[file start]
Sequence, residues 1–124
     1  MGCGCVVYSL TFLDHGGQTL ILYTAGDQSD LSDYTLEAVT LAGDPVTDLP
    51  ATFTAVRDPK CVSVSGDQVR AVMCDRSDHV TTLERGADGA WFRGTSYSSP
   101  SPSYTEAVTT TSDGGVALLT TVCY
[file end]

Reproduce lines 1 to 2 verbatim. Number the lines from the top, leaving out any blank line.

Sequence, residues 1–124
     1  MGCGCVVYSL TFLDHGGQTL ILYTAGDQSD LSDYTLEAVT LAGDPVTDLP